The spirit of earlier generations of Bradfordians is legend. Their no-nonsense, get on with it, tell-it-as-it-is approach to life that the Victorians referred to as ‘pluck’. The Bradford of the nineteenth century was home to enterprise, innovation and industry so it is little surprise that its people brought the same attitude to sport as they did to business. This was the spirit of the town. Bradford people were purposeful: they worked hard and they played hard. Not surprisingly, sport played a big part in shaping and reinforcing a distinct Bradford psyche.
It was cricket that originally defined a sporting culture and established a sporting tradition. The game provided a noble cause and a means to uphold local pride. It provided a model that was later adopted by (rugby) football.
Until the final quarter of the nineteenth century the only organised sport in Bradford was cricket. The game both reflected and influenced the Bradford mindset. It was played for a purpose, to derive gainful benefit from recreation as well as to win. In the twentieth century the Bradford Cricket League provided expression to local pride and competition. In the nineteenth century Bradford Cricket Club provided respectability for the town and a demonstration that it could do better than its county rivals. Part of the Bradford instinct has come from a seeming insecurity to prove that the place is every bit as good, indeed better, than other towns in Yorkshire and there seems to have been a deep seated urge for outsiders to acknowledge what is good about Bradford. Cricket came to encapsulate that attitude, a chauvinist Bradford-first mentality and it became a means by which the townspeople could prove themselves in open competition. Bradford CC also assumed a paternal responsibility for providing entertainment for the citizens of the town and until twenty years ago the club hosted county cricket at its Park Avenue ground.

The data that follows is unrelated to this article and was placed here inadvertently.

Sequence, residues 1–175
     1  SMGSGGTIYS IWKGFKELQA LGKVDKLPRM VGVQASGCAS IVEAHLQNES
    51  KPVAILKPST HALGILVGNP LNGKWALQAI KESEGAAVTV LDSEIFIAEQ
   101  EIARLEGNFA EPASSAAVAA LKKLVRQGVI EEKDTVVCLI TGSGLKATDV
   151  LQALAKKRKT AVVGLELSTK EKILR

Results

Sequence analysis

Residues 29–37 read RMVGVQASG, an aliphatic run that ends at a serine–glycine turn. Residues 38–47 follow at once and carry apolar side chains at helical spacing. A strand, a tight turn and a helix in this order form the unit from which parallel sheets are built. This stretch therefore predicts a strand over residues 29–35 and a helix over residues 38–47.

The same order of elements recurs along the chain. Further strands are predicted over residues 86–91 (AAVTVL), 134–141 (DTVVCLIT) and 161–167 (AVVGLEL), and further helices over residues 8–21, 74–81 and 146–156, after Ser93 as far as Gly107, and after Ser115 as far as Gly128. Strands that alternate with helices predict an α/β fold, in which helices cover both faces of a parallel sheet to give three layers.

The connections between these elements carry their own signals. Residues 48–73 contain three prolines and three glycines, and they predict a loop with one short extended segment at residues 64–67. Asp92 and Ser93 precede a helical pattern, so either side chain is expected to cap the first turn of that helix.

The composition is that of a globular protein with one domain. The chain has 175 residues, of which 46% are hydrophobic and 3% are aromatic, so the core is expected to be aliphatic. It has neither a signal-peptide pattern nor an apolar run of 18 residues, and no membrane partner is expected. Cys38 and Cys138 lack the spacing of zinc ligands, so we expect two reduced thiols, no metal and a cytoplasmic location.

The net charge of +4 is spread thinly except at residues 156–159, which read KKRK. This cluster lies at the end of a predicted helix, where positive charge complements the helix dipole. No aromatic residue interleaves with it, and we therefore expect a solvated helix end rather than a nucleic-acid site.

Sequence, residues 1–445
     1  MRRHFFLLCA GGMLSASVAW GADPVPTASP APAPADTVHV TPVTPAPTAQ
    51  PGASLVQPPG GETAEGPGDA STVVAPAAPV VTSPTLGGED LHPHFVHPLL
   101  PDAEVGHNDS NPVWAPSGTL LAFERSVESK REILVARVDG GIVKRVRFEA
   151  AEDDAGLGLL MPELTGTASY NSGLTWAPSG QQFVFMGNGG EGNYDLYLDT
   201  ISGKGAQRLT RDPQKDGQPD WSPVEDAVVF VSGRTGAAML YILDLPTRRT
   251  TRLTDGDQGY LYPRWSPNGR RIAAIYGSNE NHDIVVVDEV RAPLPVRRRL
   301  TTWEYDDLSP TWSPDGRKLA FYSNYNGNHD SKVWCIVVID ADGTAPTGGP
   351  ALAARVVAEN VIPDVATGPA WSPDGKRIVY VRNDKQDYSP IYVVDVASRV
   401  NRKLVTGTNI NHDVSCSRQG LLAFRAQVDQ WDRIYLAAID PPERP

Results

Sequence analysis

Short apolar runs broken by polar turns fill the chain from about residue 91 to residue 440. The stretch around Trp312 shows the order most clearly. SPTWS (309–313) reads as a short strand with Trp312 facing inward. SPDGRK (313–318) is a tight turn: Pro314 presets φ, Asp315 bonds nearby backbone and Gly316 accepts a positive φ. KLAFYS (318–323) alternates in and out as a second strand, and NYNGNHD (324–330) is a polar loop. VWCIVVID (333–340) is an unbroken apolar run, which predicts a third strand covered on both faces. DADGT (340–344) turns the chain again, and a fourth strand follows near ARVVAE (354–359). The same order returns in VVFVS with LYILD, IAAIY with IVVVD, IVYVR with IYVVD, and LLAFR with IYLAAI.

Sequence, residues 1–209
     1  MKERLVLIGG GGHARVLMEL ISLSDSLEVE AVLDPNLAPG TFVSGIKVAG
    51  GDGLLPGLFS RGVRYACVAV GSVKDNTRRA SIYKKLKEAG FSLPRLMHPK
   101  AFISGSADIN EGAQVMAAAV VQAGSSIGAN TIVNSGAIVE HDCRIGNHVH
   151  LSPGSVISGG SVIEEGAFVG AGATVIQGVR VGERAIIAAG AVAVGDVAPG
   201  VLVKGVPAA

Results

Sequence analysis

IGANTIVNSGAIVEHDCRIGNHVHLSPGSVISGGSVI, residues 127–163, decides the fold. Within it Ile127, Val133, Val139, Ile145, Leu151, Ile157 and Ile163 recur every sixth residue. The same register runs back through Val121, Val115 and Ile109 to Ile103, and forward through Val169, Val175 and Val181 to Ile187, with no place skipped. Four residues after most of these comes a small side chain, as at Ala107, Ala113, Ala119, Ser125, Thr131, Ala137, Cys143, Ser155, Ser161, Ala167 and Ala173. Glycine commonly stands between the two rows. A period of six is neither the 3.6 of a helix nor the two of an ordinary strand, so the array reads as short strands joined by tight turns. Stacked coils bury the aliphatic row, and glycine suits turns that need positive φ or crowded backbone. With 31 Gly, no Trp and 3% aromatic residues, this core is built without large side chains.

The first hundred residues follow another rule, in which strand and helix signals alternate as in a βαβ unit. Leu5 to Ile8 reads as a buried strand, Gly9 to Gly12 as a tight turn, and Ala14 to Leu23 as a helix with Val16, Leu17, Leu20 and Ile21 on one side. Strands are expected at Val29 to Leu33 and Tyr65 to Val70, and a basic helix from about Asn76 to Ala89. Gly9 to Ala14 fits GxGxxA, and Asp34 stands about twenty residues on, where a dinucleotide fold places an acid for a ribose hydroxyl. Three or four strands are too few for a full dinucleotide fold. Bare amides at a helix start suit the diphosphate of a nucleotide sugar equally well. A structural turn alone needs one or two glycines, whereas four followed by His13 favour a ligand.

The story of Bradford rugby and soccer – ‘football’ – begins with a history of Bradford Cricket Club. There are various reasons for this, not least that Bradford CC was a constituent of The Bradford Cricket, Athletic & Football Club that occupied Park Avenue from 1880 and it was originally the cricket club for whom the ground was built. The red, amber and black colours that were worn by Bradford (PA) AFC – and which are part of the modern identity of Bradford Bulls RLFC and Bradford & Bingley RUFC – were also inherited from Bradford CC. From its origins in 1863, Bradford FC was associated with the cricket club and shared its ground until 1870.
As the first sports organisation in Bradford, the cricket club provided a benchmark by which the football club would judge itself, aspiring to the same level of pre-eminence in the town that the ‘old cricket club’ enjoyed. Bradford CC soon became an institution that defined how sport should be promoted and ultimately it played an important role in helping to shape a Bradford sporting identity, transferring the same Bradford-first chauvinism to the playing field.
The origins of Bradford cricket
Although Bradford CC was formed in 1836 at the White Lion Hotel on Kirkgate in Bradford the gentlemen of the town were playing the game prior to that. Indeed, there is an earlier reference to a Bradford cricket club in the Bradford Observer of 21 October, 1830 in respect of a game against Otley at Apperley Bridge. Although this report appears to be the first reference to cricket in Bradford that is not to say that games were not played before then.